It wasn’t until late in the Enterprise-D’s design process that Andrew Probert learned the ship would need to be able to split in two.
The ability reflected Gene Roddenberry’s thinking about The Next Generation. Unlike in the original Star Trek, this Enterprise would have families aboard.
“Just because you’re on a space exploration, it doesn’t mean you have to give up your life,” Executive Producer Robert Justman is quoted as saying in Star Trek: The Next Generation USS Enterprise NCC-1701-D Blueprints (1996).
If you have loved ones, you have family, you should be able to enjoy and live and make your lives together, even though you’re out in space. […] For that we provided for the separation capabilities, so that in case of danger or threat to the ship as a whole, if necessary we would send the saucer section away under its own power.
That’s not what Probert heard the first time, though. He was under the impression the producers wanted a battle section to separate from the rest of the ship as opposed to leaving the entire saucer behind.
“I thought maybe it was like an auxiliary craft or something that separated to go off and fight battles,” he told Star Trek: The Magazine (August 2000).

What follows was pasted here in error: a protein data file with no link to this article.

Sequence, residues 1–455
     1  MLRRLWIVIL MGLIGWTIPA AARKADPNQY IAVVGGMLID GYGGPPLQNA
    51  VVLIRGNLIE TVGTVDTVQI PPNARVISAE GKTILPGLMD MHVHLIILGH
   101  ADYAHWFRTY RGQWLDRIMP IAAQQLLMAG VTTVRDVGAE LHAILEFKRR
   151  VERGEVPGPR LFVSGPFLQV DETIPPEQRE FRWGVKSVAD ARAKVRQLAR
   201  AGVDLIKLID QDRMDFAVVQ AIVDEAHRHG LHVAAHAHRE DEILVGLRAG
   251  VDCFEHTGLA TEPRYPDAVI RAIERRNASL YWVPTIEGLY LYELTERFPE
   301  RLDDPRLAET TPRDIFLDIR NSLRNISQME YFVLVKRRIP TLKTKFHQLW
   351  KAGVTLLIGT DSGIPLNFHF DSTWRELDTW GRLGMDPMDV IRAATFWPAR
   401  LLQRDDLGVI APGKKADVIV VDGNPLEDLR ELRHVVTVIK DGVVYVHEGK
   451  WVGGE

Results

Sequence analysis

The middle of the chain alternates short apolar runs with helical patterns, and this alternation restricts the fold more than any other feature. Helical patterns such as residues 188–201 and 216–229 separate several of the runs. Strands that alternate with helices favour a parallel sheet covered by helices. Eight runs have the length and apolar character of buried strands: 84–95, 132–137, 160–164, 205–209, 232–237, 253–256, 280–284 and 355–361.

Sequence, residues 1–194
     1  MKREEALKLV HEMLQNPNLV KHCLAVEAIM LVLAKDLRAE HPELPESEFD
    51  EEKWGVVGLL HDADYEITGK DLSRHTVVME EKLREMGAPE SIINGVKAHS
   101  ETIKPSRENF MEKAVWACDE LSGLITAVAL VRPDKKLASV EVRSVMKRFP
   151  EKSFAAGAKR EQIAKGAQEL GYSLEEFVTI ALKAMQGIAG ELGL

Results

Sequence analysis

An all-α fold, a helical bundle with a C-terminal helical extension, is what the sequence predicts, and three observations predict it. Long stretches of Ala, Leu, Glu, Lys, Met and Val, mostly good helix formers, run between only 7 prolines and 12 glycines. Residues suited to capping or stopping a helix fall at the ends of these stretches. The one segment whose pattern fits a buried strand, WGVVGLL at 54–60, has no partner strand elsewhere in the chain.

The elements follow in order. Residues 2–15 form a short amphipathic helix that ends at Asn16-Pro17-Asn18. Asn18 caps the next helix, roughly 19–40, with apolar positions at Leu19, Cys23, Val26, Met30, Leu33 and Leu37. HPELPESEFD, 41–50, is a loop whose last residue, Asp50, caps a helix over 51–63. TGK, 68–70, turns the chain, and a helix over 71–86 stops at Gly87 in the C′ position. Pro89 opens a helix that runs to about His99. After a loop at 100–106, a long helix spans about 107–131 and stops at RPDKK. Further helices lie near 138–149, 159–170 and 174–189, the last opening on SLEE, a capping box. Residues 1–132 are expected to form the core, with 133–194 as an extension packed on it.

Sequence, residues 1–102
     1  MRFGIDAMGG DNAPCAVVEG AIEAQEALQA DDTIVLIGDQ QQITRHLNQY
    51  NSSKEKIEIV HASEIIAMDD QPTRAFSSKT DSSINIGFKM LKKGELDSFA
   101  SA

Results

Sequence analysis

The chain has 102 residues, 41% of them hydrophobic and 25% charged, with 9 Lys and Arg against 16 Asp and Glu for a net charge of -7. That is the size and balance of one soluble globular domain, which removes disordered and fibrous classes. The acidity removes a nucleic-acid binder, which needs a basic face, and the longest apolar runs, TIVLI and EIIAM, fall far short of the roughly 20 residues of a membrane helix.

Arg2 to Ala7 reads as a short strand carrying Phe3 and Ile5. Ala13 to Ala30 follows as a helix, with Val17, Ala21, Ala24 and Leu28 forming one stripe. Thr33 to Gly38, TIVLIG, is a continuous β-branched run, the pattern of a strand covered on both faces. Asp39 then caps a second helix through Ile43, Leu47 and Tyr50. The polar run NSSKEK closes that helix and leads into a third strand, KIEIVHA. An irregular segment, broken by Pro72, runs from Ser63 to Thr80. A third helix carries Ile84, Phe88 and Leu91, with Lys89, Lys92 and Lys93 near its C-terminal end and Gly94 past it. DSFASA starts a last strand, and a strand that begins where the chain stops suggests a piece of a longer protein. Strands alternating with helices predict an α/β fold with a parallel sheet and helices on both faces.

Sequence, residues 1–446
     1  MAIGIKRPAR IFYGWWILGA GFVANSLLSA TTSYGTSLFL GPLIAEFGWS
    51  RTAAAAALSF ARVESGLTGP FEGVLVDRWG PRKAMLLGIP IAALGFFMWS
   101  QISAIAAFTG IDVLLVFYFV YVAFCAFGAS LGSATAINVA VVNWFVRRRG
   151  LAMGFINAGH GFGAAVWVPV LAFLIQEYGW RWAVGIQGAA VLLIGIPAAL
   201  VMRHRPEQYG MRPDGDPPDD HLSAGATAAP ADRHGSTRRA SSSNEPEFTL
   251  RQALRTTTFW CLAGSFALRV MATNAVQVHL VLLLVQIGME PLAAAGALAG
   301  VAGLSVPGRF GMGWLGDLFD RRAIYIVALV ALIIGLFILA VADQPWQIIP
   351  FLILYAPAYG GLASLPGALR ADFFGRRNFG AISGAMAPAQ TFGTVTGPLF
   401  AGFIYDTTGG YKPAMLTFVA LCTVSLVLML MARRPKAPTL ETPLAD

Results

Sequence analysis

That’s why his first designs had a D-shaped section separating from the saucer. The pylons would be the warp engines.
That’s not what the producers had in mind:
When I showed this to them they said, “No, no. What’ll happen is the saucer separates and the engineering hull then becomes the battle section.” So I have this dorsal sculpted into the saucer and now I have to separate that and still make it look good both ways, which was an extraordinary challenge.
Probert decided part of the underside of the saucer should remain with the engineering hull, giving it a cobra-like head with the battle bridge on top.
Another possibility would have been to separate several parts of the ship. The smaller sections would have been large lifeboats. Something like this was done years later for the Prometheus on Star Trek: Voyager.
Saucer separation was meant to have been a regular feature on The Next Generation, but budget restraints did not allow it to happen often. Writers also felt separating the ship slowed the progress of the story. As a result, the original idea — protecting families — was seldom realized.
Sources for this story include: Rick Sternbach, Star Trek: The Next Generation USS Enterprise NCC-1701-D Blueprints (1996) and “Designing the USS Enterprise NCC-1701-D,” Star Trek: The Magazine 1, #16 (August 2000)